One of Duke’s great strengths year in and year out has been game preparation. Coach K knows how to use practice time effectively, allowing our players to be ready for each game and to know exactly how to anticipate and combat each opponent’s actions. It is perhaps a testament to Duke’s strength, even without Kelly, that most of our recent opponents have felt the need to attempt to undermine that, to force our suddently younger team to deal with things for which it hadn’t prepared. Can’t blame them, though, can we? Because for the most part it’s worked, at least at first.

Game Surprise? Result
1/12, @NCSU Just a few days after Kelly’s injury, the team has precious little time to prepare for life without Ryan Duke looks lost on both sides of the ball and loses by 8
1/17, Ga Tech No real surprises Duke wins convincingly by 16
1/23, @Miami Reggie Johnson goes all Willis Reed on us, throwing our game plan out the window. Duke gets blown away by the Hurricanes, losing by 27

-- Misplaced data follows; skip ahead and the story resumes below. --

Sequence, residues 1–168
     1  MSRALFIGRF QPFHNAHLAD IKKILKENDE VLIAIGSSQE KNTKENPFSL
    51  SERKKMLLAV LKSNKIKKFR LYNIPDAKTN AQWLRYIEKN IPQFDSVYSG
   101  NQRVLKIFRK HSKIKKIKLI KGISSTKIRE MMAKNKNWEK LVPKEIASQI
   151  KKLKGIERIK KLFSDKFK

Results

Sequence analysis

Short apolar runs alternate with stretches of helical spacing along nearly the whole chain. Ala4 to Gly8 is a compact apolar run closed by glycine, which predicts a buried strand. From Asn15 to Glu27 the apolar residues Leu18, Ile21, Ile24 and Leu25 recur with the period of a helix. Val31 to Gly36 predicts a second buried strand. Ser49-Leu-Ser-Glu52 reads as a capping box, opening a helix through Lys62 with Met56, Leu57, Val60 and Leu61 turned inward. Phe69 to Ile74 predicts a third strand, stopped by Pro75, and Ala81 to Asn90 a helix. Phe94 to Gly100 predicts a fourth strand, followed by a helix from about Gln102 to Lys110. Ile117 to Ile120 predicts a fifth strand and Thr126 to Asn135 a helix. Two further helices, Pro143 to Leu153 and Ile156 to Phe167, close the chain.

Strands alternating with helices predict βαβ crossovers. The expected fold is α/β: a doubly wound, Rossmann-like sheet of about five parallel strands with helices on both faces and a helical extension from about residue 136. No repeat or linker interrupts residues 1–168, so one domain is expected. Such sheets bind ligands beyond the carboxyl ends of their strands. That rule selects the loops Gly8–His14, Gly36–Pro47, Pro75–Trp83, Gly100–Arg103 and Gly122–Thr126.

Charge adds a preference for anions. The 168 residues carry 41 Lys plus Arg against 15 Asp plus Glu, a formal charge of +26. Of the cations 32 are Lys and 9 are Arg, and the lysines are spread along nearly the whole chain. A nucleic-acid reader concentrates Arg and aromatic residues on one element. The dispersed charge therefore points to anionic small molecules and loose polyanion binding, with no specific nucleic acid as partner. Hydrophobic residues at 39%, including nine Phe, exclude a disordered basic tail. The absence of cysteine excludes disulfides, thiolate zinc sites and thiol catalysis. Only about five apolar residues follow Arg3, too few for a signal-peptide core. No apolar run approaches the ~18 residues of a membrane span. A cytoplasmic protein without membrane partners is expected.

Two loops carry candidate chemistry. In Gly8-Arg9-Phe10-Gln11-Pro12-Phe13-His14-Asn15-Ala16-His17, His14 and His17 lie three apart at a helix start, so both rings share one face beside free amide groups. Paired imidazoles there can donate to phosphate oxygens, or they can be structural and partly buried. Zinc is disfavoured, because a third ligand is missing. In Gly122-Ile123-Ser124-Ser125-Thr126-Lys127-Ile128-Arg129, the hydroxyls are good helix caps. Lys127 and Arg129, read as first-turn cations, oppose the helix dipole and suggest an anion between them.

1/26, Maryland No real surprises Duke wins convincingly by 20
1/30, @Wake Forest Wake surprisingly decides to single-cover National POTY candidate Mason Plumlee in an attempt to stop our three point shooting. Duke has trouble adapting, beating an outmanned Wake team by just 5
2/2, @FSU No real surprises Duke wins convincingly by 19
2/7, NCSU No real surprises Duke jumps off to a 20+ point lead before coasting to a 13 pt win
2/10, @BC Snow forces Duke to fly in just hours before the game, severely disrupting Duke’s pre-game routine and preparation. Then BC triple-teams Mason every time he touches the ball. Duke has difficulty adapting and only edges an inferior BC team by 1.